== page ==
Time flies.

The Internal Revenue Service (IRS) has put out the latest edition of one of the most widely read stories about a family and its private long-term care insurance (LTCI).

I’m talking, of course, about the vignette included in the draft version of the 2014 Instructions for Form 8853 – the reporting form for Archer Medical Savings Accounts and LTCI contracts.

The Form 8853 vignette has a Rashomon-like quality to it. In one example, Mrs. Smith was chronically ill throughout 2014 and got $24,000 in benefits for $54,750 in qualified long-term care (LTC) expenses.

In another example, her son, Sam, and her daughter, Deborah, each owns a qualified LTC contract that names Mrs. Smith as the insured. If Sam and Deborah get into a fight over the dates of the LTC contract period, then we get a plot twist: Each must use the contract period method to compute the taxes, rather than the equal payment rate method.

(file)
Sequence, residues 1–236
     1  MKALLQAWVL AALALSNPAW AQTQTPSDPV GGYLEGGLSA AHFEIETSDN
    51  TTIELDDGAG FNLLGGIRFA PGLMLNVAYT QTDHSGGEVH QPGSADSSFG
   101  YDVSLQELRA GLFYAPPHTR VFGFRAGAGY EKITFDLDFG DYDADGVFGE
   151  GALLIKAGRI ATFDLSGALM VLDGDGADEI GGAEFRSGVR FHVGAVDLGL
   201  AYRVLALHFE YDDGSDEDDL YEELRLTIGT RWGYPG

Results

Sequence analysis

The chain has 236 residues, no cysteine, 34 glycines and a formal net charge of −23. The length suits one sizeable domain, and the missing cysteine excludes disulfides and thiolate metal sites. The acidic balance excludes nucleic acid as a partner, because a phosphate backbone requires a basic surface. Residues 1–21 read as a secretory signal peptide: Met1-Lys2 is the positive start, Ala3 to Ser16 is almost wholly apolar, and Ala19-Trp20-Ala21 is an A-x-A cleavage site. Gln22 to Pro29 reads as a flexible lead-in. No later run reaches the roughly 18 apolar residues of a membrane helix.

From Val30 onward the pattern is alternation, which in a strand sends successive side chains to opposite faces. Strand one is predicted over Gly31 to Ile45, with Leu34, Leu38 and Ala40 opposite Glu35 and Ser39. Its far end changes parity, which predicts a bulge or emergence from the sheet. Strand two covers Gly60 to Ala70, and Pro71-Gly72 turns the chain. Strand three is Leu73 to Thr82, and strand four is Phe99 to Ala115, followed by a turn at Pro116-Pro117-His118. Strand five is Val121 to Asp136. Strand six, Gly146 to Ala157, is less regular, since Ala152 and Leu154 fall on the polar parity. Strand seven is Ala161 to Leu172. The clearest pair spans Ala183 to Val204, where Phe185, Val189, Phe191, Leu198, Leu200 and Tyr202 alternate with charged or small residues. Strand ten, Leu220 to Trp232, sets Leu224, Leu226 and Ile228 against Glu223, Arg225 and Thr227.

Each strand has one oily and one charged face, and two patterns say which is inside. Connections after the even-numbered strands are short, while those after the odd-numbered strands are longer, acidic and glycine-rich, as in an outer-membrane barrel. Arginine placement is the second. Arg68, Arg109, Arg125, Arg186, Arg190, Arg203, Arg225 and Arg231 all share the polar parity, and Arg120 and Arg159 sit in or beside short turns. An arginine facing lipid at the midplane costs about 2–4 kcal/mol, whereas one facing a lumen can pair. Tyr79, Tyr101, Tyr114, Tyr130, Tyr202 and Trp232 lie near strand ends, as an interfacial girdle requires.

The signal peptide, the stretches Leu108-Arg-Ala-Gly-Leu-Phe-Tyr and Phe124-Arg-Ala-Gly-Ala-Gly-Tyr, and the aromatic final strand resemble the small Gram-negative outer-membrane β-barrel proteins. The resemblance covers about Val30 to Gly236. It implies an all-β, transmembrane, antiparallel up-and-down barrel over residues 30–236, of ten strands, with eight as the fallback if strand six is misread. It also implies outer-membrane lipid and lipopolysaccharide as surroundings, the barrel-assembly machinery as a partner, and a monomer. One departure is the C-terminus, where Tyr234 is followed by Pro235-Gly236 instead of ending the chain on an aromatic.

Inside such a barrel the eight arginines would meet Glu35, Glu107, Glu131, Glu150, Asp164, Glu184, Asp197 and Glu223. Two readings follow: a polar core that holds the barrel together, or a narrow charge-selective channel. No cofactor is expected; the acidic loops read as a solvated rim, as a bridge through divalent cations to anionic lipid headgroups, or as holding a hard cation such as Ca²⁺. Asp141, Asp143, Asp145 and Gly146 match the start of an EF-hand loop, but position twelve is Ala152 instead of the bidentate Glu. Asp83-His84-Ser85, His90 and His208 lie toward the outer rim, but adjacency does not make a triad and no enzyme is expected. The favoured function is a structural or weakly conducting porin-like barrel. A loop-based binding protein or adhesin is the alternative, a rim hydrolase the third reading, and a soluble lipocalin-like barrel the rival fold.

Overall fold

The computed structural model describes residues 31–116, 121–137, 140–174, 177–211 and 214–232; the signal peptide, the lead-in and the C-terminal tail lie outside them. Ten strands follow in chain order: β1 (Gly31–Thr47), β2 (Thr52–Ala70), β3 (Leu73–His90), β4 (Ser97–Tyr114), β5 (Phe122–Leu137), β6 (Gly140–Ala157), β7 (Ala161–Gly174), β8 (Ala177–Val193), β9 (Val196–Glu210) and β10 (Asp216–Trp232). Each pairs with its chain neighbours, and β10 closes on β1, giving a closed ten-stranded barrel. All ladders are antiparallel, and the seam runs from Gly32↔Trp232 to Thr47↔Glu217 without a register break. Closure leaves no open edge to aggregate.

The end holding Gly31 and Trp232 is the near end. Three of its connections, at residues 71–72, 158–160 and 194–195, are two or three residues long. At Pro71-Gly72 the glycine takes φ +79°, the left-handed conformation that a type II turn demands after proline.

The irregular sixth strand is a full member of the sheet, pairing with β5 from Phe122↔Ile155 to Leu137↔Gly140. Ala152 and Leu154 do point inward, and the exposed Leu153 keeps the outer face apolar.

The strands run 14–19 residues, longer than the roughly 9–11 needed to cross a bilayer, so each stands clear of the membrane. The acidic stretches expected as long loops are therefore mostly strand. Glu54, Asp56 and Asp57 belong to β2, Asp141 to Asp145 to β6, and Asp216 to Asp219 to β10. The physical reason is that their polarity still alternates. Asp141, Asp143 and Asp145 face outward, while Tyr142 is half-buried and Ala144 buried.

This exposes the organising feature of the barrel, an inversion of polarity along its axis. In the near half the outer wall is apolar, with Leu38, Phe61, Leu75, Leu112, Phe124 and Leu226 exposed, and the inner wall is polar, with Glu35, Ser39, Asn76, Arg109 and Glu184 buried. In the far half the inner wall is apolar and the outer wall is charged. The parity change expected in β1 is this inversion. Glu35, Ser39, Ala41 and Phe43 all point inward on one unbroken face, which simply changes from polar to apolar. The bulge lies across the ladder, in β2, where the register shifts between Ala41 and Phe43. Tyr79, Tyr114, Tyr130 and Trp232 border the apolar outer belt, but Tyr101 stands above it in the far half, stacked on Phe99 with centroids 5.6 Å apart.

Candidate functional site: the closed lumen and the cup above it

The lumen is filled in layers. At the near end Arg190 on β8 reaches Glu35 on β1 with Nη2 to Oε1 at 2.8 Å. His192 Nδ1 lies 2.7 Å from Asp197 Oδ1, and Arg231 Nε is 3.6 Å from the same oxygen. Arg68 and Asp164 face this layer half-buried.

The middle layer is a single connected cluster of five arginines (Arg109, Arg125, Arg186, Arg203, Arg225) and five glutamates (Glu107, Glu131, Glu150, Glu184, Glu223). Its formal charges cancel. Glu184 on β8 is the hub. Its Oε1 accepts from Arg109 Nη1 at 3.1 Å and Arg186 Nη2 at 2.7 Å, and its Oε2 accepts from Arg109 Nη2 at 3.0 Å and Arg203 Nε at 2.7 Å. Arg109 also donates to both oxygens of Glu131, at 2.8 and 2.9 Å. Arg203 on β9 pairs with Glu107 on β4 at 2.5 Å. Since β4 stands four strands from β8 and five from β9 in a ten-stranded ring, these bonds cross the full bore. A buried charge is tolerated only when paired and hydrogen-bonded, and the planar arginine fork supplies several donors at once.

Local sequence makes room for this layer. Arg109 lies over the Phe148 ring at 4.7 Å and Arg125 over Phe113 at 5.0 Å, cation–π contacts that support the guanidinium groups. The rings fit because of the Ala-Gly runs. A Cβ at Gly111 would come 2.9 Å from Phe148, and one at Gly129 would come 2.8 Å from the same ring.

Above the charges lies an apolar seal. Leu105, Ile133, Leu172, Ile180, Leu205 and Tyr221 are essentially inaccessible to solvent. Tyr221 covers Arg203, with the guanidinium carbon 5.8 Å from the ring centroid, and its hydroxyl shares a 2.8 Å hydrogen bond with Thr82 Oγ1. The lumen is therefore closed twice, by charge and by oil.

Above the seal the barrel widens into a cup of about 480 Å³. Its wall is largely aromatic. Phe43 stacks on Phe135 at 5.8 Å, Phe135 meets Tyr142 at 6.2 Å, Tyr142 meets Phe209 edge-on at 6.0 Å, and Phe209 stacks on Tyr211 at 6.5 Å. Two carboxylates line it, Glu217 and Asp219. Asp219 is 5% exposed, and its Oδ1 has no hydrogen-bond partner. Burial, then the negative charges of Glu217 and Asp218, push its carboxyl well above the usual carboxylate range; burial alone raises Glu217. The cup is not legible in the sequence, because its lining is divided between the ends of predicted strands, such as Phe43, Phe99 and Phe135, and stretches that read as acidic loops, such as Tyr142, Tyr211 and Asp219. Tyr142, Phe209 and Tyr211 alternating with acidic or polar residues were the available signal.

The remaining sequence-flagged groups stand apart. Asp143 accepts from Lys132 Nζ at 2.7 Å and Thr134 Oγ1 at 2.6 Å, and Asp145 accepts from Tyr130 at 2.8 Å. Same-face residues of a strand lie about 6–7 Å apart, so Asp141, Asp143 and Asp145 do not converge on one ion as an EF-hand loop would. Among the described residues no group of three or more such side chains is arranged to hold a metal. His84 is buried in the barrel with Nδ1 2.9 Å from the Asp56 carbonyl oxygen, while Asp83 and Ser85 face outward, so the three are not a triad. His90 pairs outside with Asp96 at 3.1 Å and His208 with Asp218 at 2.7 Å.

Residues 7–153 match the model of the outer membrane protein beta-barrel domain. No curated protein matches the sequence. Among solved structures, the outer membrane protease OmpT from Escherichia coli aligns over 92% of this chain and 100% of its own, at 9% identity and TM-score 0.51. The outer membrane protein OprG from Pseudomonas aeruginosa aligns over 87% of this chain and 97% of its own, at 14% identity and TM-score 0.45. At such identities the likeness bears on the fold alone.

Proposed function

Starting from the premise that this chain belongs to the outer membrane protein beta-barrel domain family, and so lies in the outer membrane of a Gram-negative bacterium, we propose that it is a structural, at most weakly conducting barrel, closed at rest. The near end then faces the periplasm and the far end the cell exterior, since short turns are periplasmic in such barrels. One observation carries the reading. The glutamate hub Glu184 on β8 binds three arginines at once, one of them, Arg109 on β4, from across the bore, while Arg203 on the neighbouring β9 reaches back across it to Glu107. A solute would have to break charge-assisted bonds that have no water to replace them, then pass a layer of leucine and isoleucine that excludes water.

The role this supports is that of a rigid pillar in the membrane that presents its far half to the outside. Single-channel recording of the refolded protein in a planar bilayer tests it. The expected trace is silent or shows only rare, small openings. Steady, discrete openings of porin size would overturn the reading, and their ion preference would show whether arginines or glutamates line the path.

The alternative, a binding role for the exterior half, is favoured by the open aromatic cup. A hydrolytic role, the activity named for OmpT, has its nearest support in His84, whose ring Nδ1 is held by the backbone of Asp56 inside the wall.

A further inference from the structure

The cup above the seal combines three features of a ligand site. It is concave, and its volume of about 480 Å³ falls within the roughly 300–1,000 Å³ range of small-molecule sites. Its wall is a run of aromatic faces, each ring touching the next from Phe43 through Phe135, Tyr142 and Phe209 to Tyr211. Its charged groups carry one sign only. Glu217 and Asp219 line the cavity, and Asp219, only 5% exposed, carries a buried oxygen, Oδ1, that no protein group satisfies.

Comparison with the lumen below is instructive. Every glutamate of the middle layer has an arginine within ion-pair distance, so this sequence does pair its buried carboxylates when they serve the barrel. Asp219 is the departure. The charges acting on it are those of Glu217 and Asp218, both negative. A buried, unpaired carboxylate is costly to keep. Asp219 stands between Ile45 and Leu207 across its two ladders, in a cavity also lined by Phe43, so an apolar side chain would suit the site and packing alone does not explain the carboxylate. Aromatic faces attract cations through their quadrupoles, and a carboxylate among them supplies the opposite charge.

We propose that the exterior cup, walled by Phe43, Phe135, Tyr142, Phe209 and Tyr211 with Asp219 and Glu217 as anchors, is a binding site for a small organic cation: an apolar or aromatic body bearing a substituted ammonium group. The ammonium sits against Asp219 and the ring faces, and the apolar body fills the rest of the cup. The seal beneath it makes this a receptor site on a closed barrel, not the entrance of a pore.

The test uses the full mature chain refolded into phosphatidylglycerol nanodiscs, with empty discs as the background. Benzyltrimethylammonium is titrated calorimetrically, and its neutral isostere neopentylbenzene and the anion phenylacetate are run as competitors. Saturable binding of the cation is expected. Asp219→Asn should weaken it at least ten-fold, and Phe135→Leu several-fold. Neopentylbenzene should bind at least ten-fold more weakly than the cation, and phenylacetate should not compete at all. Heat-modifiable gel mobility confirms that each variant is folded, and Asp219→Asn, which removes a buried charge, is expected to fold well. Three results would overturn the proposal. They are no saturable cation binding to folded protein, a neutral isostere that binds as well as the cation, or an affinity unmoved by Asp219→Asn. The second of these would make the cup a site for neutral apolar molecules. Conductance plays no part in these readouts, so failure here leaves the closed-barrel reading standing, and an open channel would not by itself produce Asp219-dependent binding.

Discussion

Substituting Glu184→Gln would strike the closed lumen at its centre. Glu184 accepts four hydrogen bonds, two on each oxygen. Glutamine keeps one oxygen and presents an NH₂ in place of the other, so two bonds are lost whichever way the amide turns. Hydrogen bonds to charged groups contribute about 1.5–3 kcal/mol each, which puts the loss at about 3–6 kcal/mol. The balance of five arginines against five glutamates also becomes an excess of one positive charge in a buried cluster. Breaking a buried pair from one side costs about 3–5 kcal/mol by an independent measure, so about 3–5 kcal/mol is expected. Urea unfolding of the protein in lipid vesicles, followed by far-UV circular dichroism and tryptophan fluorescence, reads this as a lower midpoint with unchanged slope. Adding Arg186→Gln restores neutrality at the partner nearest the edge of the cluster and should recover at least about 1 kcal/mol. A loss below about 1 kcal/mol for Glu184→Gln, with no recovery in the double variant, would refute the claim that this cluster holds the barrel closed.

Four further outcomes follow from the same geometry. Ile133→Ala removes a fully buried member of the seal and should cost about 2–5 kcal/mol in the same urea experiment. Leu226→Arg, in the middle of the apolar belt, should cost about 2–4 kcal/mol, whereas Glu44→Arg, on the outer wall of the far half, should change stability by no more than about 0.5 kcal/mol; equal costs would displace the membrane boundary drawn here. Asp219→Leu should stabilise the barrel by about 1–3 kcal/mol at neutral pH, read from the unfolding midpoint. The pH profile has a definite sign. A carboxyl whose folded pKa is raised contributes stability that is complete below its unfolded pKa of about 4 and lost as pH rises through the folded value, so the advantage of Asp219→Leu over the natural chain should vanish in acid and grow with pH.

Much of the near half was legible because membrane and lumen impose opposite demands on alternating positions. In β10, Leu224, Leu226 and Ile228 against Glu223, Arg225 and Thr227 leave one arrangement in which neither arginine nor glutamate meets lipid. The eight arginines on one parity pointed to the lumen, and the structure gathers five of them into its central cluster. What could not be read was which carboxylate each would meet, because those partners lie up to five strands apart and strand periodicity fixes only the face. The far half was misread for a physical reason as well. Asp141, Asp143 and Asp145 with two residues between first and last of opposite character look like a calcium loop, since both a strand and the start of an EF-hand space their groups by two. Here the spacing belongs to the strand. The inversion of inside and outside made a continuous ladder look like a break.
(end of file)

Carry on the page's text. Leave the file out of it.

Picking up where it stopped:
My first reaction is: Wow, doing taxes for LTCI coverage is complicated. It seems as if it ought to be simpler for people who took care of their own LTC needs, and their loved ones’ LTC needs, to show the IRS how responsible they were.

The other reaction is that someone ought to do a movie about Mrs. Smith, Sam and Deborah. We have movies based on novels, comicbooks and the Tooth Fairy. Why not about characters in IRS form instructions? Maybe the IRS could option the rights to Hollywood and use the money to keep the Social Security Disability Insurance trust fund solvent for a few more days…